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Jun
11

PennDOT to construct $33M facility in King of Prussia ahead of hiring push

June 11, 2018

Source, Philadelphia Business Journal, Kennedy Rose

The Pennsylvania Department of Transportation will break ground on a new traffic management center in 2020, an approximately $33 million project that makes way for the state agency’s plans to boost its headcount.

A new two-story, 30,0000 square-foot facility will be built on a parcel of land near PennDOT’s current center in King of Prussia. That space is operating at 40 percent over capacity, and a larger facility will cut down on the overcrowding while making room for new hires, officials said at a Thursday press conference.

Maintenance of new technologies in Pennsylvania’s transportation systems, particularly along Interstate 76, will require PennDOT to hire new employees. The current facility does not have enough space for those hires and the update systems, PennDOT Deputy Communications Director Brad Rudolph said.

The $33 million cost is a rough estimate. The majority of the price tag, $25 million, will go towards the new traffic management center. Significant modifications to an existing parking structure accounts for the remaining $8 million. Twenty percent of the facility’s funding will come from the state, and 80 percent will be funded by the federal government.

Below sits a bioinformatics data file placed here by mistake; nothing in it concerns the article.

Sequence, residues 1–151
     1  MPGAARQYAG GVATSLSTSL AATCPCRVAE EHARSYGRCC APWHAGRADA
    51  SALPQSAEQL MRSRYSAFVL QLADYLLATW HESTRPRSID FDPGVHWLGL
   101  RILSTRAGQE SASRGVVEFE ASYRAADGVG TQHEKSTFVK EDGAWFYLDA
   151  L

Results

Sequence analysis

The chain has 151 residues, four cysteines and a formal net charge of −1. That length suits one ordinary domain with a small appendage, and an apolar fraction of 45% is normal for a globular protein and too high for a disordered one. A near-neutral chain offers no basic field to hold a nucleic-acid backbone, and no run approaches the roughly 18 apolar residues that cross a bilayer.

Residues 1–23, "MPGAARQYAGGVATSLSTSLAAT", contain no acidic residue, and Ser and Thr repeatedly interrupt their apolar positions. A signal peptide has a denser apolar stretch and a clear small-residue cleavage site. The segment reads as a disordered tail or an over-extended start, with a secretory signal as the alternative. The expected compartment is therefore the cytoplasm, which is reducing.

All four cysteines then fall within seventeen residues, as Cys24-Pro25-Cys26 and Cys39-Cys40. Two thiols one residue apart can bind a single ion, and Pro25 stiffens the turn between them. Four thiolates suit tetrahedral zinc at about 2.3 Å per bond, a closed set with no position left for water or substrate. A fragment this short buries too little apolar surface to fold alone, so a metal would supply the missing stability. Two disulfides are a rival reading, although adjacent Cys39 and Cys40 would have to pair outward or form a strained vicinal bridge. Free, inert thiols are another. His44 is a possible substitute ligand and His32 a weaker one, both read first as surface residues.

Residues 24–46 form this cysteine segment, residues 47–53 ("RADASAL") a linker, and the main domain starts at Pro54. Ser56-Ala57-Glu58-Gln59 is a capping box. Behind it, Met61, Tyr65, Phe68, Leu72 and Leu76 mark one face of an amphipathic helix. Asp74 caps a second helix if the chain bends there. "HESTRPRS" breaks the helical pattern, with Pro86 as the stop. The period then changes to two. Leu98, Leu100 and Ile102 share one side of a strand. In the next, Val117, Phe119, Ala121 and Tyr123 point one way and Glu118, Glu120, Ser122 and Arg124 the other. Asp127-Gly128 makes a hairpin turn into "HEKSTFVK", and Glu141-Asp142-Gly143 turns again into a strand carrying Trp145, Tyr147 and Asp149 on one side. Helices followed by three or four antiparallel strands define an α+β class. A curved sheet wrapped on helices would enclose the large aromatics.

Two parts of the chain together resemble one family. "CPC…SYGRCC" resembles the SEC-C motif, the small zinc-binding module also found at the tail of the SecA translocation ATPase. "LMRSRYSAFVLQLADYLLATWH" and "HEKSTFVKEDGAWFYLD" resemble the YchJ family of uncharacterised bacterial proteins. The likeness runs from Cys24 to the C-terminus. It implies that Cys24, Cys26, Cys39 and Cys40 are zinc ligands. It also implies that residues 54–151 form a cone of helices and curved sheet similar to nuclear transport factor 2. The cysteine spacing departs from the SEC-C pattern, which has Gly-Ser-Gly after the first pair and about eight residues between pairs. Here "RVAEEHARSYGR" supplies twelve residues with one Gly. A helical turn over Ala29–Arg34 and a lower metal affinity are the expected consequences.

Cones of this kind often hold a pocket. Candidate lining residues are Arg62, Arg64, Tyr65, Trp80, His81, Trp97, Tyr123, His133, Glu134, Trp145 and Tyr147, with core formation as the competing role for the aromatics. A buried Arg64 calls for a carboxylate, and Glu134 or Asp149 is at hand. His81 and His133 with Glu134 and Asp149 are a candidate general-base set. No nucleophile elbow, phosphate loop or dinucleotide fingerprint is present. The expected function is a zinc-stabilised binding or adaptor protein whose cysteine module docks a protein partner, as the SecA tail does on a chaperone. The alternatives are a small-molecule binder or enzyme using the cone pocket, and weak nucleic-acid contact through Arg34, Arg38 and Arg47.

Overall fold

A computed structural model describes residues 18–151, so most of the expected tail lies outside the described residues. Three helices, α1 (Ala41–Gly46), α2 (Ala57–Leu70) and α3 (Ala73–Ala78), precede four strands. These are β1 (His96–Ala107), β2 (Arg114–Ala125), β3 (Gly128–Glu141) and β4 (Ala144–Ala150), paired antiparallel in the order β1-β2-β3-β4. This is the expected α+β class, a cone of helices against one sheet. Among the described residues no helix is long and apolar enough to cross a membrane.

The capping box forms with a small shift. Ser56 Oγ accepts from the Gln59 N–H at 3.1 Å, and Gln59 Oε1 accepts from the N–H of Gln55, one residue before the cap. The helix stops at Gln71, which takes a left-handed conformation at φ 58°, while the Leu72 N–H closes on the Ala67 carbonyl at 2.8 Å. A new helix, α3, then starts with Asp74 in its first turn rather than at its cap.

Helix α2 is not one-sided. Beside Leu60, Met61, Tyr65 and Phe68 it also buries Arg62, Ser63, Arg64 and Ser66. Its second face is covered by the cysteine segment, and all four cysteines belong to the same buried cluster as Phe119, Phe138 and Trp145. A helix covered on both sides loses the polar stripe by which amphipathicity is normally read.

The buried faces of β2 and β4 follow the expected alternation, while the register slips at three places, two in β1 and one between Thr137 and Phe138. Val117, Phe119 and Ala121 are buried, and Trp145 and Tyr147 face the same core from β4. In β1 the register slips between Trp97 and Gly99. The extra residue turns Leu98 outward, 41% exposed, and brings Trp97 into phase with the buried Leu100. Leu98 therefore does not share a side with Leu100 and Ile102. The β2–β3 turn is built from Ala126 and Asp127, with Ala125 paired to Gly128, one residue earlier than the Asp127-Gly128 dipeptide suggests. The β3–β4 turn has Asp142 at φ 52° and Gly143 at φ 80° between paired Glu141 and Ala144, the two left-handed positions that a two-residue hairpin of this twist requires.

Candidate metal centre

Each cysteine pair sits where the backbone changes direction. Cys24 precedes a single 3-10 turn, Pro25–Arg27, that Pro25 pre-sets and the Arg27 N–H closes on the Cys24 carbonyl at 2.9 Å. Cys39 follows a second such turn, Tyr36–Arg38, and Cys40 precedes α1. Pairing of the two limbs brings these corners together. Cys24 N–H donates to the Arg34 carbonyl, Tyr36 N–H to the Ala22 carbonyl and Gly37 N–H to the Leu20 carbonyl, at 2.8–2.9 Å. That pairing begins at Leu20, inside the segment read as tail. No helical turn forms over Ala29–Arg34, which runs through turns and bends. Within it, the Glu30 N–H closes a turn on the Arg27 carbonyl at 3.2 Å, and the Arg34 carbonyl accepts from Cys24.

PennDOT expects to have the project out for bid by the end of 2018. The contractor hired would be responsible for the “heavy architectural work,” Rudolph said.

The facility will have minimal design work completed before they hand the project off to a contractor. The entirety of 2019 will be available for the contractor to design the facility with PennDOT’s needs in mind, Rudolph said.

PennDOT expects to break ground on the facility in 2020 and complete the project by the end of 2021. The current facility will continue to be used by PennDOT.

The project was announced Thursday, along with plans to install variable speed limit signs. PennDOT also provided an update on the addition of “flexible” lanes on the Schuylkill Expressway, a plan first reported by the Business Journal.

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